When addressing your wedding invitations, it’s important to do so properly. In fact, we suggest figuring out how you will address each guest as you are putting together your guest list. That way, whether you are addressing them yourself, having them printed digitally, or having a professional calligrapher address them for you, you will be prepared not to make an etiquette faux pas.
If you’re stressed out by the idea of unintentionally offending one of your guests, don’t worry! In this post, we’ve compiled eight basic guidelines you should remember when addressing invitations to your guests, as well as five tips for addressing guests with titles.
Never use any abbreviations on your invitations, with the exception of Mr., Mrs., and Ms. Rather, make sure to spell out each guest’s full, formal name. If you prefer to be traditionally proper, you can take this a step further and include full middle names. However, this is not necessary.
Example: Mr. and Mrs. Rene Albert Smith, junior
(Yes, “junior” and “senior” should be lowercase.)
Example: Doctor and Mrs. Edward Kenneth Smith
The names of streets, apartments, and states should also be spelled out. Additionally, all numerals under 10 should not be given numeric symbols, but have their names spelled out.
Example: One North Platt Street, Washington, District of Columbia
Example: “P. O. Box” should be “Post Office Box”
Adults who are not romantically involved, but live together (example: roommates) should each receive their own invitation. Children over the age of 18 who still live with their parents should also receive their own invitation. Conversely, if you’re addressing an unmarried couple who lives together, there is no need to send them individual invitations—just send one, addressed to the couple.
Pay attention to unique family situations. It can be difficult to know how to properly address modern families. Here are a few examples:
Girl under 18: Miss Karen Elizabeth Smith
Woman over 18: Ms. Karen Elizabeth Smith
Widow: Mrs. David Allen Smith (or Mrs. Karen Jones Smith)
Divorced woman: Ms. Karen Jones Smith
Married couple, when just the wife is a doctor: Doctor Karen Smith and Mr. David Smith
Married couple, when both are doctors: The Doctors Smith or The Doctors Robert and Elizabeth Smith
Gay couple, different last names: Mr. David Smith and Mr. John Lee
Gay couple, same last name: The Messrs. David and John Smith
Lesbian Couple, same last name: The Mesdames Karen and Lisa Smith
There are differences in usage between Mrs., Miss, and Ms. While “Mrs.” is used before the last name of a married woman, “Miss” is traditionally used as a title for an unmarried woman. “Ms.” became popular during the women’s movement in the 1970s. It was created as a title that does not assume marital status. For etiquette purposes, it is at your discretion to determine which title your guest will prefer.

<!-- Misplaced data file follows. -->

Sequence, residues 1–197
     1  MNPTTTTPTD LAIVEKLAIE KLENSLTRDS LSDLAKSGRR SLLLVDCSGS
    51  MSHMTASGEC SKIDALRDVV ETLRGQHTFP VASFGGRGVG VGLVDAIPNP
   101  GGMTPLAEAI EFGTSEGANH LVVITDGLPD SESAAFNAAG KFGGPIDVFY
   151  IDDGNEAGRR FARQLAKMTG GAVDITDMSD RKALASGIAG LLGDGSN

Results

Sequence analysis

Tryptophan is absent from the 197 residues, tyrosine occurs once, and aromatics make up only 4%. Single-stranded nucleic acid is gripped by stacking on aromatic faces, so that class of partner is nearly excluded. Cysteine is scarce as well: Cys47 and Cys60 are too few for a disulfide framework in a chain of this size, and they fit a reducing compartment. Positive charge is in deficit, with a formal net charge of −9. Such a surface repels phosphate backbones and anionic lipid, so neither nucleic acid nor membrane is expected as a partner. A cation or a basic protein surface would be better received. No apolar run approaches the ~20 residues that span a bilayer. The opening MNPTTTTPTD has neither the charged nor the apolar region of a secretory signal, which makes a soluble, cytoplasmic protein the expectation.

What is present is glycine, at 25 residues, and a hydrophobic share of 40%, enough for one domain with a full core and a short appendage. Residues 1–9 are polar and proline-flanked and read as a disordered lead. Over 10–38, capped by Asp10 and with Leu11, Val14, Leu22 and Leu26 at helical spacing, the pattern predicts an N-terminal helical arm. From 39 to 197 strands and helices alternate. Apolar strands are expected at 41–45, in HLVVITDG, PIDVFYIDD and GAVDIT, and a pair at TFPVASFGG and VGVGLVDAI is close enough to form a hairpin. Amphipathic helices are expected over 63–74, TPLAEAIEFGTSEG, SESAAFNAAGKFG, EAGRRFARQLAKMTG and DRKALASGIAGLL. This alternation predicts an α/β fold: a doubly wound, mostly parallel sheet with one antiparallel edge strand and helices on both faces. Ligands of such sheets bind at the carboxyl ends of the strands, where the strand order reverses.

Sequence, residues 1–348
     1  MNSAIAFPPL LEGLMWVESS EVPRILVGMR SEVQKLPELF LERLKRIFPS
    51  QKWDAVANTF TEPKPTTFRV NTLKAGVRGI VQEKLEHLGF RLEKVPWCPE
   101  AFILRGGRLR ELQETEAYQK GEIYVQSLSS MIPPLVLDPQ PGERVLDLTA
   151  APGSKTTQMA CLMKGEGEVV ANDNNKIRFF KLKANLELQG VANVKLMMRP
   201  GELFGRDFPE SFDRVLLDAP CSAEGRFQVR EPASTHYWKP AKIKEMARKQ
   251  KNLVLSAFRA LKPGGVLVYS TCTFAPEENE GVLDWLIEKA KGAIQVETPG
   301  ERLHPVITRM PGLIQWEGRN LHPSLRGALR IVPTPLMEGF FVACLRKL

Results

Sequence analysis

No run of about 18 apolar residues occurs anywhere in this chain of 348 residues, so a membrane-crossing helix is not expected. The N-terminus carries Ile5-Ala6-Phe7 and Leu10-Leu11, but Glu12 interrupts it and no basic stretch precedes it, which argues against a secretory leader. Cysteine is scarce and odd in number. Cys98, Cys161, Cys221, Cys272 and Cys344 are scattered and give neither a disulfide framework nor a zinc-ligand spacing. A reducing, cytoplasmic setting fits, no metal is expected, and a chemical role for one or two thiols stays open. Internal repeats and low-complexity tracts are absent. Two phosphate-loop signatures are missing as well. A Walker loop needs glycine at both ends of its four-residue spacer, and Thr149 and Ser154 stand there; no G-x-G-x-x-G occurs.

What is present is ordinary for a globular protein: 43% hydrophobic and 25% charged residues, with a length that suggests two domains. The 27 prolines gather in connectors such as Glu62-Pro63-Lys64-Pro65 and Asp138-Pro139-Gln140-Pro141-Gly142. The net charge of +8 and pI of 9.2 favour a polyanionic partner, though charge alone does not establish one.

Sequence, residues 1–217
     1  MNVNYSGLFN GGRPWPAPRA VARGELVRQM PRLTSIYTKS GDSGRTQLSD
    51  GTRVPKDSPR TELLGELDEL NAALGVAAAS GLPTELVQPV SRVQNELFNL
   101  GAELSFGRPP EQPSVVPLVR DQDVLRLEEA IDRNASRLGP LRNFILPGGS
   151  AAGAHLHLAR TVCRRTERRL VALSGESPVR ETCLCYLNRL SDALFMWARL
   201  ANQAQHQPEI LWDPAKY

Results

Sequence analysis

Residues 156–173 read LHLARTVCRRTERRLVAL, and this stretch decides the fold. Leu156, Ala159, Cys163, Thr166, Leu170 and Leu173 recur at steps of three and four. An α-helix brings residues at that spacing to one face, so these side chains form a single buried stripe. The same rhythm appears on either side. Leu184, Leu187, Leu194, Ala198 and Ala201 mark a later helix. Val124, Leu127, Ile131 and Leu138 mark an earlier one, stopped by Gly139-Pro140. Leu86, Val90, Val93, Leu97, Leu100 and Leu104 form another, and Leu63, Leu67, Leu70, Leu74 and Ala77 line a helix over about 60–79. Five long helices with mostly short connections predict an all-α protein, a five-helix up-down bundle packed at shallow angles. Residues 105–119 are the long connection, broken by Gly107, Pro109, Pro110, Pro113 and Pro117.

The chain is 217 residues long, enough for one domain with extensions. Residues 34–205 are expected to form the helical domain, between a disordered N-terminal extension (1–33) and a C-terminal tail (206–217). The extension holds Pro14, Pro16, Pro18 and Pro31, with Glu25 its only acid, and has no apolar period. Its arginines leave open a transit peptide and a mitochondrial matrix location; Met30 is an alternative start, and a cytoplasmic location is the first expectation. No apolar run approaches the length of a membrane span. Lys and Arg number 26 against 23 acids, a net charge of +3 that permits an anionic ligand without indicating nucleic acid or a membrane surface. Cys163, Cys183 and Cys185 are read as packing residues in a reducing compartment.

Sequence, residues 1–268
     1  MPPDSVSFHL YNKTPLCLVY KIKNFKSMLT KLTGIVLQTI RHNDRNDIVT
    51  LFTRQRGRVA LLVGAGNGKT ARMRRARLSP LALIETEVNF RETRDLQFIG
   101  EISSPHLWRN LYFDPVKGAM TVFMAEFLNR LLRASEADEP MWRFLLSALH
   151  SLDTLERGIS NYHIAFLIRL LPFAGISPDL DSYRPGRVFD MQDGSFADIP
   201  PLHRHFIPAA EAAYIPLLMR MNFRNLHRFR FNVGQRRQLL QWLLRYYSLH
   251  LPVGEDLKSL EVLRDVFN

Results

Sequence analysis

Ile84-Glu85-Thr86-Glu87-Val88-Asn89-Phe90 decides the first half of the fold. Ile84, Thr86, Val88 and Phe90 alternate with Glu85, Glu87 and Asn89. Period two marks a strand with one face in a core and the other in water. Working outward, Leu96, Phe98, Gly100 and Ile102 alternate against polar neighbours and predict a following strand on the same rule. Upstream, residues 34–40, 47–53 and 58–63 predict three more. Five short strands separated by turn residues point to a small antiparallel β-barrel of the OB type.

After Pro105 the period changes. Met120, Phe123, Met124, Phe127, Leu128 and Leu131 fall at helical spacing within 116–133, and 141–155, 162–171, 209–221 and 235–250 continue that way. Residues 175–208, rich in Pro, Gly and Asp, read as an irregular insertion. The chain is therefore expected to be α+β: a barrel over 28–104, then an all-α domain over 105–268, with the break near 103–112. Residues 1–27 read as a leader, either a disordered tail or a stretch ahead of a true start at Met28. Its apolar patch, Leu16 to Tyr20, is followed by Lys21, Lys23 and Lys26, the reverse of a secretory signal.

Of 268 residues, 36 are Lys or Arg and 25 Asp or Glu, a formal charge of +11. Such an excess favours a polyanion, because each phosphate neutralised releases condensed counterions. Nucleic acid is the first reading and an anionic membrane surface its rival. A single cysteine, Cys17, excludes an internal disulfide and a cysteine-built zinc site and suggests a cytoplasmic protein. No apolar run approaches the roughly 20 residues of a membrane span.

Traditionally, guests mail responses to the parents of the bride, or the host(s) of the wedding. Today, many brides prefer to handle responses themselves. In these cases, use the bride’s address.
Typically, the return address on an invitation does not include both the bride and the groom’s names. But, if that is something you would prefer, proper etiquette is to present the couple’s names on separate lines. As another option, you can use a hyphenated title such as “The Smith-Dolan Wedding.”
Always carefully consider your audience. If you decide to address your invitations in a less formal manner, it’s suggested that you go through your list to identify any “etiquette sticklers” —and be sure to address their envelope according to what is traditionally proper.
It is customary to use social titles on formal wedding invitations, and when addressing envelopes. Professional titles should be written out in full. However, an abbreviation is acceptable if the title makes the line too long to accommodate the person’s name.
Physicians, veterinarians, and dentists use “Doctor,” while members of the clergy use their religious titles. These titles may be abbreviated to “Dr.” and “Rev.,” respectively, if there is not enough room on the line.
Professional certifications such as “CPA” and business titles such as “Esquire” are not used on wedding invitations and announcements. Social titles (Mr., Mrs., and Ms.) are used instead.
Educational degrees such as “Ph.D.” are also not used. If the person is known by “Doctor,” then it is fine to use the title “Doctor John Smith,” but not “John Smith, Ph.D.”
When addressing multiple individuals, including an individual with a title, then the individual with the title is listed first. For example, “Doctor/Judge/Reverend/Colonel Sandra Smith and Mr. Russell Smith.” If the length of the title and the name are long, you may need to use two lines. In these cases, use the first line for the person with the title; the spouse’s name will go on the second line, preceded by “and”. Again, if both are doctors, use “The Doctors Smith,” “Drs. Sandra and Russell Smith,” or “Doctors Sandra and Russell Smith.”
All military titles should be written out in full, and never abbreviated. If both guests you are addressing are in the military, then list the higher-ranking officer first.
How you address your wedding invitations matters! It may feel like a lot to think about as you are planning your celebration, but once the day arrives you’ll be left with the overwhelming happiness of having all the people you love in one place. We at Turnage and Watts want to help you with this important stage of your planning process! Reach out to us, and we can talk about how we can put together the most artful invitation suite for your guests to behold.
Photography by @socialsquares